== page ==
The U.S. dollar this month hit its highest level in decades versus several other major currencies, and experts say that strength could continue into next year. As with most economic trends, there will be winners and losers.
The Capital Region’s petrochemical sector could take a hit because its exports will be more expensive and potentially harder to sell in foreign markets, notes UL Lafayette economist Stephen Barnes, a member of state government’s Revenue Estimating Conference. However, industry customers dealing with supply chain challenges might be more willing than usual to pay higher prices to get what they need, he adds.
Benefits include cheaper imports, which is helpful for consumers and businesses that use imported goods and materials. Americans will find it cheaper to travel internationally, but it will be more expensive for foreigners to visit popular U.S. destinations like New Orleans.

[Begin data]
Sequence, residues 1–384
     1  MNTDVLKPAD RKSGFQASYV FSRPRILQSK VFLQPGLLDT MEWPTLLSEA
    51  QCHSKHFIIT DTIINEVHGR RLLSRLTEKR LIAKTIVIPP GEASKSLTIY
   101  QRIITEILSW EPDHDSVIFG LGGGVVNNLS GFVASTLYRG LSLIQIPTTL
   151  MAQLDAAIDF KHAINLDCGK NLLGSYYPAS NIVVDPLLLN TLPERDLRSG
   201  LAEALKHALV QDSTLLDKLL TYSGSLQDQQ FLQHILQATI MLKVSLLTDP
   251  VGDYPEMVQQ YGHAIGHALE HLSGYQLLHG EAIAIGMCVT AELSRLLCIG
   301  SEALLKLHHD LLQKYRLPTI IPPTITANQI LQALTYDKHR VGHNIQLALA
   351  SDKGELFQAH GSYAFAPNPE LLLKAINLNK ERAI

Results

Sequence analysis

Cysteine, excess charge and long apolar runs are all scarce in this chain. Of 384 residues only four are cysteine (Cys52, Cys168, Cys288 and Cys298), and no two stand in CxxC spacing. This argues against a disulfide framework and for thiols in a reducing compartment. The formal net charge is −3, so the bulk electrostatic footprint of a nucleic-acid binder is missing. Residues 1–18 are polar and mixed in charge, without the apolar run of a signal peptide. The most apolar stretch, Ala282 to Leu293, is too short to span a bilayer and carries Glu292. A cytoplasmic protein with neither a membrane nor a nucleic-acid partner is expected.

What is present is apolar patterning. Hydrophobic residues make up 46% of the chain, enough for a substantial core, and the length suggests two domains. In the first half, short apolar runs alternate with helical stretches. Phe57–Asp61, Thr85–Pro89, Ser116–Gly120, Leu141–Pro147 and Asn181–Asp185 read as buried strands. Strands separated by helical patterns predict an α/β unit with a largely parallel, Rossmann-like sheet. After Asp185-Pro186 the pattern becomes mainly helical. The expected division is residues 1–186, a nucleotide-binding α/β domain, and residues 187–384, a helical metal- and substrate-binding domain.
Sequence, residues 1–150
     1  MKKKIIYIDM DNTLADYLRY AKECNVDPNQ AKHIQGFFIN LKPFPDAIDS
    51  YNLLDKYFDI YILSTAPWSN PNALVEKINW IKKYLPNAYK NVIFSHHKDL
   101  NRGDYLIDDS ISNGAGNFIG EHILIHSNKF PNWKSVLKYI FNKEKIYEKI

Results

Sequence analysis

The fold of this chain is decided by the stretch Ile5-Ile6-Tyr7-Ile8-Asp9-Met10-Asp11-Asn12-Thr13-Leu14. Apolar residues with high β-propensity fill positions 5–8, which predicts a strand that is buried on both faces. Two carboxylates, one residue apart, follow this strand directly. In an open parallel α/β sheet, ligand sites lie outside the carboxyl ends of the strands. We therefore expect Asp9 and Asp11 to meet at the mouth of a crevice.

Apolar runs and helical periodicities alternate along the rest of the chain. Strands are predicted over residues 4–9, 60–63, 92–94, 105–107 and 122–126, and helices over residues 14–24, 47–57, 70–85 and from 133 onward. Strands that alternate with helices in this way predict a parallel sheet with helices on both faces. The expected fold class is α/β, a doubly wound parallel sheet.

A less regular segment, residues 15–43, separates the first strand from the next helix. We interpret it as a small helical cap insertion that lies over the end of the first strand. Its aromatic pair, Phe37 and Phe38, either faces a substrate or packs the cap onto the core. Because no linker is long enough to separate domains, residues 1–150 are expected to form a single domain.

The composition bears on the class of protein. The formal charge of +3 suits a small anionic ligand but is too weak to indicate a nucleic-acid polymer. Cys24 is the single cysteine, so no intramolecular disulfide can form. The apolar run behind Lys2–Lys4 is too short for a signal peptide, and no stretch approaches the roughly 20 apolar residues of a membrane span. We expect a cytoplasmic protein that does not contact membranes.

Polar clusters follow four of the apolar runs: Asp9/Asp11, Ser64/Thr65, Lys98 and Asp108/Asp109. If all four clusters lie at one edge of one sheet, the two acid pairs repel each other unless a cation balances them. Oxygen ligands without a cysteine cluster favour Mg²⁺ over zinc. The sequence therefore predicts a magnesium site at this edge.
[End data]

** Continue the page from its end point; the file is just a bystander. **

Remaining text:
Whether the strong dollar is good or bad for Louisiana’s economy as a whole may depend on how strong it stays and for how long, Barnes says.
“It really is a positive for foreign direct investment ,” says Andrew Fitzgerald, senior vice president for business intelligence with the Baton Rouge Area Chamber.
Foreign companies doing business here are getting paid in U.S. dollars, which strengthens their balance sheets, Fitzgerald says. The strong dollar is unlikely to significantly dampen demand for U.S. energy exports such as liquefied natural gas because there aren’t a lot of options, he adds.
“I would say that we’re uniquely situated, both geographically and industry-wise, to be more on the positive side of the ledger in south Louisiana,” Fitzgerald says.